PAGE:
Our friend Andrew McClintock (part owner of the Ever Gold Gallery in the TL) asked Bicycle Film Festival founder Brendt Barbur a few questions.
The Bicycle Film Festival was born in the streets of New York. In 2000, I was struck by a bus while riding my bike in the city and hurt pretty badly. But I didn't want this to discourage me or anyone I knew from being a biker and instead, wanted something positive to come from this experience. I wanted to empower bikers and let them know it's safe and fun to ride your bike in the city. So I took my interest in cycling and combined that with my love for the film, art, and the theater and produced the first Bicycle Film Festival in 2001 in New York City. What started as one festival in one city, has now grown to stop in 39 cities in its 9th year. We started coming to San Francisco in 2004. I had lived in SF a lot of my life, and with it's rich cycling culture and deep roots, it was a natural choice to bring it there.
It's become a much bigger festival. My friends and I produced it the first year. We were in NY for the first 3 years, and then expanded to San Francisco. We finally brought it to LA, London, and Tokyo in 2005. After some time, I realized I needed to get more people involved. Now the BFF is largely run by a dedicated team of volunteers who work nonstop to make the festival great. In some of the larger cities the festival now spans 5 days of fun! This year, we're trying to include bike polo and Goldsprints as much as we can. We are grateful to have 42BELOW on board to help us in this expansion, bringing the festival to cities we couldn't go to otherwise. The quality of the films has gotten so much better over the years as well. People are really getting into making films for the Bicycle Film Festival, the production quality and care going into each film has grown so much, it's getting hard to choose!
There's always going to be something new, something that the mainstream doesn't really ever understand. Skateboarding and surfing laid the groundwork back in the day, they went against the norm and had their own way of living. The mainstream way of living never really changes, but when it comes to surfing, skating, biking...there's always something different. Something that is probably going to piss people off because they wish they were out there doing it. It's all really about expressing yourself and surfers, skaters, bikers, artists - all forms that allow people to make it their own - are just better at it than others. And the style in which these kids skate, surf and bike is an expression. They're saying, don't lock me up inside all day...get me out there and let me do my thing. It's amazing and inspiring. One of the films in the festival this year is about how the industry is changing to support the urban bike movement, "Anima D'Acciaio." Check it out during the Urban Bike Shorts Program. But that's another thing, eventually the industry catches up and something else comes along to challenge everyone's thought process again. In biking it was BMX--check out FBM, urban riding, tricks on track bikes, even mountain bikes had their day.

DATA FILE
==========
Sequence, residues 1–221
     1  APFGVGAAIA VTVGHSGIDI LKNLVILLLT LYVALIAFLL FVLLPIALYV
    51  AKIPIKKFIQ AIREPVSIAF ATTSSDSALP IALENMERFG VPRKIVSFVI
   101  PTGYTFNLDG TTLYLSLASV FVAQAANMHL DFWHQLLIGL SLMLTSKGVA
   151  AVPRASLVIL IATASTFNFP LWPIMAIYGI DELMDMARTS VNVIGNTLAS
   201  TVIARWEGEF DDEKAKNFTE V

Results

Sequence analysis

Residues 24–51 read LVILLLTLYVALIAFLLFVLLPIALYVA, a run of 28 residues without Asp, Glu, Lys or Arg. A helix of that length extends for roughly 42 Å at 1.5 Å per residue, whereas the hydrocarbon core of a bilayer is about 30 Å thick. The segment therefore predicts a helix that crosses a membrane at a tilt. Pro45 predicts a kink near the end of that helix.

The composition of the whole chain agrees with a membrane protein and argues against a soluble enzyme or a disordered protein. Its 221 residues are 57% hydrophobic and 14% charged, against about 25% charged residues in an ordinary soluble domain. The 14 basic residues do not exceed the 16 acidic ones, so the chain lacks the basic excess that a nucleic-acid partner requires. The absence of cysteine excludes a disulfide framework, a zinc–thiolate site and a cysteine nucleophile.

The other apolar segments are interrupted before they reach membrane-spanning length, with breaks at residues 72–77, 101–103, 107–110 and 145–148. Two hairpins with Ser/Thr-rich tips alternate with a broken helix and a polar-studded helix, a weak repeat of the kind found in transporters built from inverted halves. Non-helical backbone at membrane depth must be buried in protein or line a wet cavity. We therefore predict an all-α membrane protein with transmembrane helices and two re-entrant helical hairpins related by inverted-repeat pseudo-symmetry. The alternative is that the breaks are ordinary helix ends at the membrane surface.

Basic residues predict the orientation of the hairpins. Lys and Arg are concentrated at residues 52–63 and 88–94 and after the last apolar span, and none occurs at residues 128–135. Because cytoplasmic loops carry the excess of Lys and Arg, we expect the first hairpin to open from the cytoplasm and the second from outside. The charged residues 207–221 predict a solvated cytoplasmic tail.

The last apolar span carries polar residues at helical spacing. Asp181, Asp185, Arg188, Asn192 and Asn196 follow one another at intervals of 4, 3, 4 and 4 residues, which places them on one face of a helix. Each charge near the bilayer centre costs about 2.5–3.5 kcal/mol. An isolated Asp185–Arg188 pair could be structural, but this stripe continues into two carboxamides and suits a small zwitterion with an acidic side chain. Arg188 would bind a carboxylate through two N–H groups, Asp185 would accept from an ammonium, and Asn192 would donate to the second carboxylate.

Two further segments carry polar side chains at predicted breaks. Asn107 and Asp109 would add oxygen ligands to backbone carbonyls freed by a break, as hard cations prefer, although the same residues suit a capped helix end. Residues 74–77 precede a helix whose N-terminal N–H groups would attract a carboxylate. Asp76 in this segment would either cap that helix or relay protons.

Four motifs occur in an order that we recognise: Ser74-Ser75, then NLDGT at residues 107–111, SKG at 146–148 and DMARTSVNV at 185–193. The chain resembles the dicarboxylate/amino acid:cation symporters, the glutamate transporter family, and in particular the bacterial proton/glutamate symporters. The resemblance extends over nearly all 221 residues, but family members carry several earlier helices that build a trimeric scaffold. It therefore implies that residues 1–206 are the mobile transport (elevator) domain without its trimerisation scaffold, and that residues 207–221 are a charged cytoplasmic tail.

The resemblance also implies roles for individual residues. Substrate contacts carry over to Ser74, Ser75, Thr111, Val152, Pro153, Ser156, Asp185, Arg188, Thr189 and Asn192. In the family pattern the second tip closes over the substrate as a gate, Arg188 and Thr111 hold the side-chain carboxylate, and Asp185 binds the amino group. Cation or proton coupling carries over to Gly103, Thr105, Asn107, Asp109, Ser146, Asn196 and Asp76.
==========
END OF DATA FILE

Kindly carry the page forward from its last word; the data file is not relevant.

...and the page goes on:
The art show has been an integral part of the festival since the beginning. So many bikers out there are also artists, and so are many of the filmmakersand volunteers who are a part of the festival. We thought this would be a great way to bring together these people who make art about their love for the bicycle. So many of the great artists out there are bikers. Joyride really emphasizes our message that bikers are the most powerful people in the world.It's amazing that we can hang work from all of these artists of different backgrounds next to one another. Nowhere else, besides the Joyride art show can you find artists including Kenny Scharf, Jonas Mekas, Agathe Snow, and Cheryl Dunn displayed next to work from longtime bike messengers Fast EddieWilliams, Alfred Bobe, and reigning Monster Track winner Chris Thormann. It's exciting that we get to make that happen.